The disciples were hungry; and likewise, spiritually hungry people need to be especially warned about bad leaven. A lonely person is susceptible to being won over by a friendly cult. We need to warn them that while the bread may smell good, it is poisoned and will kill them.
3: A lack of trust
(v7-12) The first two types of unbelief are found among the unsaved, both outside and inside the church. This last type is something that distinguishes Christians with a little faith from those with great faith. All true Christians trust Jesus Christ; but sometimes we still get worried and don't trust Him as faithfully as we should to take care of us from day to day.
The convicting thing is that the disciples' reasoning, which Jesus reproves, actually makes human sense; the Pharisees were mad, and maybe Jesus is warning them not to eat their bread, like warning someone not to drink coffee that a server has spit into. Maybe the Pharisees were mad enough to try to poison them! But Jesus will show that their reasoning didn't have nearly enough trust in God, even though it might sound reasonable at first.
(v8) They had some faith, but only a little. Of course, we would say that Jesus can take care of us, and we even know it to be true in our minds. Yet somehow, I think we often allow seeds of doubt to remain in our reasoning process; and unbelief can take many forms. The centurion was commended for his simple, child-like faith in Jesus (Matthew 8:8-10) which positively affected his reasoning process. Is our trust in Jesus Christ implicit, similar to our unquestioned trust for laws of physics like gravity, for example? It isn't so much what we say we believe, or even consciously know in our hearts is true; but it is more about trusting Jesus Christ subconsciously, deep within our hearts and throughout our entire thinking process at the core. I know sometimes I don't do that nearly enough, since I still get worried about things when I shouldn't (Philippians 4:6, Matthew 6:25).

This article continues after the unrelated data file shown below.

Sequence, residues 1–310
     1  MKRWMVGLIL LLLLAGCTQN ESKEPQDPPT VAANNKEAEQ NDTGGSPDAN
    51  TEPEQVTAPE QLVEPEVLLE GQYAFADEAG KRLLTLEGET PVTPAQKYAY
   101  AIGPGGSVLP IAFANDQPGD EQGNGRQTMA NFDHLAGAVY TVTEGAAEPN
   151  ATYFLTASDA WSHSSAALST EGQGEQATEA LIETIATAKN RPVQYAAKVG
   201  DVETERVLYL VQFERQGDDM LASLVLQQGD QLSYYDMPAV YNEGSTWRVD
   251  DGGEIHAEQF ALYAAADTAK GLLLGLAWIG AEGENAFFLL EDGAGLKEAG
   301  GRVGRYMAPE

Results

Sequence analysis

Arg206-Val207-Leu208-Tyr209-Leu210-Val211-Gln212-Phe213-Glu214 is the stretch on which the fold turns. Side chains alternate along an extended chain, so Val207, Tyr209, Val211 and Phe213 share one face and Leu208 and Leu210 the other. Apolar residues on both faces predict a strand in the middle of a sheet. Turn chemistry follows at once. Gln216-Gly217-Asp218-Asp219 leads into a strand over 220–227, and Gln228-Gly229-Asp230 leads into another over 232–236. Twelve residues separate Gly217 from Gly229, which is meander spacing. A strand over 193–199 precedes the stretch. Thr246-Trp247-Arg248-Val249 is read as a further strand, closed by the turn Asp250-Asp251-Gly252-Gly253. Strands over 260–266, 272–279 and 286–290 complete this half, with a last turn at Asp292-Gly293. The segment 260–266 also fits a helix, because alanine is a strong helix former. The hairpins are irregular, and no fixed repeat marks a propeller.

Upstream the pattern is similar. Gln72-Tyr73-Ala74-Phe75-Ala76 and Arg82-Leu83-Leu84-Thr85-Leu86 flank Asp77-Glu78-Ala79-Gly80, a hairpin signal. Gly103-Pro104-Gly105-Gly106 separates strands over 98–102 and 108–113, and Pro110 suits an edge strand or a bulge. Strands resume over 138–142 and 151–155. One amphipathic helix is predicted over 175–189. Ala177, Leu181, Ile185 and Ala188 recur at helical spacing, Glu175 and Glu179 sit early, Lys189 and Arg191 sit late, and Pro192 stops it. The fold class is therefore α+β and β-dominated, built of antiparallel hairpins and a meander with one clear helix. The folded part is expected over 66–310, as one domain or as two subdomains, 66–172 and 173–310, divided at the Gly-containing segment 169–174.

(v9) So how can we "grow" our faith (Luke 17:5ff)? First, we must understand; learn all you can from the Bible. God has taken care of lots of Christians throughout the ages. Strive not just to know the verses, but to understand them as well; e.g., instead of thinking, "Oh, neat--God stopped the sun for Joshua's battle," rather think, "Wow! If God could stop the sun for Joshua's battle, then surely He can take care of me in this situation..."
Second, remember what Jesus has done in your life specifically. Remember the special miracles He has done for you in the past, and really consider them; things that couldn't have just been coincidence, the times He helped you at the last minute. Has He changed? Isn't He the same today as He was then?
(v10) Jesus reminds the disciples of two specific providencial events in their past; and if you've been saved for a while, I'm sure you've seen God work in your life more than once, and often, even in a very similar situation to what you face today (lack of bread in the disciples' case).
(v11) If we do these two things, it will help us get rid of the remaining strands of unbelief entrenched in our reasoning processes; how could it not? Then we will focus more on the spiritual (doctrine), and less on the physical (concerning bread). (v12) Then the "light bulb" comes on and we understand what Jesus wants for us.
Unbelief is all too common. There's (1) the obvious unbelief of the skeptic who flatly denies the Bible. Such will send a person into the front door of hell. There's (2) the more subtle unbelief of the wolf or fake Christian in the church who claims to love Jesus but is actually a hypocrite. That type will also send a person to hell, just through the back door of hypocrisy. And then there's (3) the traces of unbelief left in a Christian's heart, not trusting Jesus with every situation as well as we ought, which affects our reasoning process in subtle but important ways. Let's strive to be full of faith (Acts 6:5) in every area of life.